From our kitchen to yours

David Rubin

Chef Anneliese is on vacation this week… so I’d like to present you with a little creation of my own. Let’s call it a “recipe for Disaster, plus remedy.”

What you need:

  • 10-week academic terms. Note: if you’re making Disaster in the winter, remember to use a 9.5-week term instead!
  • Three courses; four if you’re ambitious — that said, it’s super easy to make this recipe con-friendly! Just schedule a few chamber groups and a large ensemble in place of the third class. If you want to go the extra mile to make it wind-player compatible as well as gluten-free, just be sure to double up on the large ensemble assignments — Wind Ensemble and Symphony Orchestra make a tasty combination, but you’ll have to allow for extra cooking time and the possibility of injury. Don’t forget to use oven mitts!
  • Some commitments! Student organizations, Greek life, co-operative meal plans, conference planning, on-campus jobs, off-campus jobs, athletics, long-distance relationships, confusing friendships, angsty siblings, international news, calamities, etc.
  • Unpredictable weather! It’s best to make Disaster in the weeks between Winter and Spring. A combination of snow and tornadoes usually yields the best results. Thundersnow adds a certain… “je ne sais quoi,” but it’s hard to find.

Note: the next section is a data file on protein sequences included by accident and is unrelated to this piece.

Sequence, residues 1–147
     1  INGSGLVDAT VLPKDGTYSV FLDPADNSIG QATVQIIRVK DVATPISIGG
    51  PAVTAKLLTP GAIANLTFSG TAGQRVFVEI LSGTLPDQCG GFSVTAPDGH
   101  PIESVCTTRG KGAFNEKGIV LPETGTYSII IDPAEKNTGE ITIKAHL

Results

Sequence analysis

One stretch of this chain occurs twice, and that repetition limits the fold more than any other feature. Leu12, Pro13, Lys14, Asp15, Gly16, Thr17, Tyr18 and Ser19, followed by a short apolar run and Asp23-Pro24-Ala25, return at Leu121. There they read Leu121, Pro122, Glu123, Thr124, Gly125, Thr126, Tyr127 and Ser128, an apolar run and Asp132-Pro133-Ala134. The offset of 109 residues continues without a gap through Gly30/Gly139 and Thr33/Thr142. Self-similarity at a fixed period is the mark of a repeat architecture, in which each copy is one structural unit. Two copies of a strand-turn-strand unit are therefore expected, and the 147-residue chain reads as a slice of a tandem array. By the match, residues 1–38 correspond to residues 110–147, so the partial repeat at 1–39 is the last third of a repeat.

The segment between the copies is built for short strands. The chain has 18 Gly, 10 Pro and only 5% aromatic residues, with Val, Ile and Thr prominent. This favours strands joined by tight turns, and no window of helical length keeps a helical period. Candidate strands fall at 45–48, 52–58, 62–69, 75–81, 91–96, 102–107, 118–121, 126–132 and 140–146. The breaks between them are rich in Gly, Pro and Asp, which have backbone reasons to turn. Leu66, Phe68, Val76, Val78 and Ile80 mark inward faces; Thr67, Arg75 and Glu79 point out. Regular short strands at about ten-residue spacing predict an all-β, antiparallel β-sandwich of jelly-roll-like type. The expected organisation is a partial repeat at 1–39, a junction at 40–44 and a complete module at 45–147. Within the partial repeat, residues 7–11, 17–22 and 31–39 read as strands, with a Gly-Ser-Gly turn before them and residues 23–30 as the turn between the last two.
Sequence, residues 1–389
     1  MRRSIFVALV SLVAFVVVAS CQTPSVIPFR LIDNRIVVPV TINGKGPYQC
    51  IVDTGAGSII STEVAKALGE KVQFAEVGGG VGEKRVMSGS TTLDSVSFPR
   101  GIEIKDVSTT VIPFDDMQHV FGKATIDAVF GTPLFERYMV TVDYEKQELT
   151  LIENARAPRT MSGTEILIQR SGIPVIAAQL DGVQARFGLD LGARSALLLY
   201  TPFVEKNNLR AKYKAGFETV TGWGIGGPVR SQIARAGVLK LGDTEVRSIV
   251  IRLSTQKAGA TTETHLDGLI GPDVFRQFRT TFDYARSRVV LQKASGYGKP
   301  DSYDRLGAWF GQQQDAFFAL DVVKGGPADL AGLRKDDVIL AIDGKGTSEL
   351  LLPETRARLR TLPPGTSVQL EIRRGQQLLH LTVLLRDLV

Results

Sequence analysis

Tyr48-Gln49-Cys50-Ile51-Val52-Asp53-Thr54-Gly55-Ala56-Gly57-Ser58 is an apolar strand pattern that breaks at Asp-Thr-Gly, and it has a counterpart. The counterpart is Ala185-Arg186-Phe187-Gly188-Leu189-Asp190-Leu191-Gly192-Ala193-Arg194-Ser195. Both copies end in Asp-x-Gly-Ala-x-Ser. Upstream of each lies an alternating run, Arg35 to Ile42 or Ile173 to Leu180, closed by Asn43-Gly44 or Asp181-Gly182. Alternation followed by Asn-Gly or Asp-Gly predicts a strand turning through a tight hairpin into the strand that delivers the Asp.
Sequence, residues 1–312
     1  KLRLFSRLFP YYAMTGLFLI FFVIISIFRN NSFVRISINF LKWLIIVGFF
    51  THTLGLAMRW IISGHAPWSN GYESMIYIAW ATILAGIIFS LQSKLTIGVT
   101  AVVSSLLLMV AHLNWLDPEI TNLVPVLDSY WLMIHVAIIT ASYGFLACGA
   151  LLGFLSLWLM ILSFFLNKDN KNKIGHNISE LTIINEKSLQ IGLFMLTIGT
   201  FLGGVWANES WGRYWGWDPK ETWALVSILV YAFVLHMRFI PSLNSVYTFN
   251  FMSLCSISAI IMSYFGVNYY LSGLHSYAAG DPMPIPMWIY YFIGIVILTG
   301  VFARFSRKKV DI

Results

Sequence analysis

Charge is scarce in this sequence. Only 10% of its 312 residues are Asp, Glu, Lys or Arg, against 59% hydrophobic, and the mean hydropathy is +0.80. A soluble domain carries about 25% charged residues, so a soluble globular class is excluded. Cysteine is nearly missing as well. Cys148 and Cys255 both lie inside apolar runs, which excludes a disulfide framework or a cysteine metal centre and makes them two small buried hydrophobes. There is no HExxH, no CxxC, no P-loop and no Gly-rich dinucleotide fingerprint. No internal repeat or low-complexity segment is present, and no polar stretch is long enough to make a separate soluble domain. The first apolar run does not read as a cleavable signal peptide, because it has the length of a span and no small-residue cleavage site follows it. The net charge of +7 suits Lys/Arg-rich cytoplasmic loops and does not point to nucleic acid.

• Extra projects can turn a good Disaster into a great Disaster! Junior recitals are okay; senior recitals are better. If you can find an exotic “Honors Project” or “Senior Experience” at a specialty grocery store, don’t be afraid to splurge. They add a special tang.

What to do:

Disaster is super fun to make! All you have to do is dump the ingredients in a food processor and let things churn for a few hours. Sooner or later, you should hear a loud boom! After the explosion, your Disaster should look dense and sticky, with a slightly rank odor. Turn everything off and quickly step aside to avoid the avalanche of sticky, smelly liquid. Find a mop, sing a happy song, and clean to your heart’s content!

Disaster serves 1 to 4.

 

I don’t know about you, but I’ve found this term to be particularly rough. I’m a champ when it comes to overbooking and over-thinking, and every so often… it catches up with me. The unpredictable, gloomy weather; the depressing news from the world-at-large; the looming feeling that I’m failing at any number of little tasks in order to distract myself from more important things… you get the picture.

Well, in any case: if you’re in the midst of an existential crisis, or if you’re just having an old-fashioned bad week, don’t fret. Here’s a little remedy that sometimes works for me. It’s called “Hot Toddy and Pärt.”

What you need:

  • Arvo Pärt’s “Fur Alina”
  • M3.1.P37 I5 in our very own Seeley G. Mudd.
  • Whiskey.
  • One lemon.
  • Honey.
  • Plenty o’ hot water.

What to do:

Heat some water in a tea kettle. Mix with a shot or two of whiskey, the juice of one lemon, and a generous dollop of honey. Experiment to figure out the amounts that suit your taste. Two dollops of honey? Go ahead. Four shots of whiskey? Whoah… slow down, soldier.

Enjoy your “Hot Toddy” while listening to the gentle resonance of Pärt’s “Fur Alina.” Repeat as many times as is necessary.

Top